3 Flathead screwdrivers, one short & fat (6-8 inch shaft), the other long & skinny (8-12 inch shaft), one tiny (e.g. for eyeglass repair)
1 Phillips-head screwdriver
10mm wrench (socket wrench is ideal)
Power drill with 1/8" drill bit (not required, but really helps)
1. Open up one of the front side doors (I started on the passenger side):
Locate the little square cover in the middle of the door handle:
This is just a flap that covers one of the retaining screws. Pry up the side closest to the lock (with the notch cut out for this purpose) using the tiny flathead (I didn't actually have such a tool, so I just carefully used the point of a knife... but a tiny flathead would work very nicely). Push it out of your way (but don't remove it... the piece is permanently attached to the interior on one side), and use your phillips-head screwdriver to remove the retaining screw.
2. Using a flathead screwdriver, pry up around the armrest:
Continue prying around the door lock/window control panel:
Disconnect the cables, and remove.
Finally, using the phillips-head screwdriver, remove the two retaining screws around the armrest.
3. Now comes the tricky part. Take a deep breath! Using firm pressure (and not too much muscle), carefully pry up the cover on the tweeter (behind the side-view mirror) with your skinny flathead:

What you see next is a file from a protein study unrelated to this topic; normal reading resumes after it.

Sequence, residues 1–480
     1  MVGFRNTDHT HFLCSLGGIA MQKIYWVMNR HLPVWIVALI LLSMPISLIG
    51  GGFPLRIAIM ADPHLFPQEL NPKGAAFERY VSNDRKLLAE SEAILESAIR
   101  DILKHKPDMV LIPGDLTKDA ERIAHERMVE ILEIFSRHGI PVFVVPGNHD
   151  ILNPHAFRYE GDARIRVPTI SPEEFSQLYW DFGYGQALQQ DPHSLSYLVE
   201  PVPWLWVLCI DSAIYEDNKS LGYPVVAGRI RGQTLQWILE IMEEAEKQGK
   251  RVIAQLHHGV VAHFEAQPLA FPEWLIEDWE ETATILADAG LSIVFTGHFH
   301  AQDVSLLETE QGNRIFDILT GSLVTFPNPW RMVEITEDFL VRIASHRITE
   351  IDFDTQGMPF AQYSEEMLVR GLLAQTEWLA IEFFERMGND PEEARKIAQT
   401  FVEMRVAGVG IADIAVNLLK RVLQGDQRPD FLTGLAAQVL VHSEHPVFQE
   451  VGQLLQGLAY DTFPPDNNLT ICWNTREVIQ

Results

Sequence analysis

Then, use the same maneuver around the perimeter of the door panel.
Once all 8 of the clips have been popped out, lift the panel straight up (along the window), and it should come free. Set it aside.
4. You now should have access to both of the components in the font speaker system. Remove the wiring connector for each speaker, and let the wires hang. Use the 10mm wrench to remove the tweeter assembly:
and remove the tweeter by unscrewing the phillips-head screw behind the metal bracket.
The woofers, however, are a bit more difficult to remove. For this, you will have to develop your own technique. Feel free to destroy the metal rivets connecting the plastic retainer to the door body - presumably, you are going to remove these speakers for good, and will have to drill new holes for the fasteners that come with your new pair.
If it helps, my technique was as follows: Drill out rivets with 1/8" power drill, pry up with flathead, curse a little, pry some more, and finish off with pliers.
Congratulations! Your stock components are gone.
- Toyota does not use a crossover in this system. Install some components with a crossover, and you will experience audio spatialization as you never thought possible.
- When buying speakers, make sure they are actually 7" in diameter. I bought some Polk db6750s that claimed to be 7", but ended up being 6 3/4". Believe me, that extra 1/4" makes all the difference in the world! It wasn't a deal-breaker, but took a little creativity to make them fit.
- The tweeter enclosures are a really tight fit, and don't allow you much room to play. Since there wasn't enough space to mount the real retainers that came with my 6750s, I just reinstalled the metal bracket from Toyota (nothing attached), put my tweeter up against it, and quickly slapped the cover back on. This happens to provide just the right amount of pressure to keep it place without rattling, but only time will tell if this is a permanent solution.
That's all, folks! Enjoy your new rig.
Special thanks to jpaoli's post on CarSpace for helping me through this!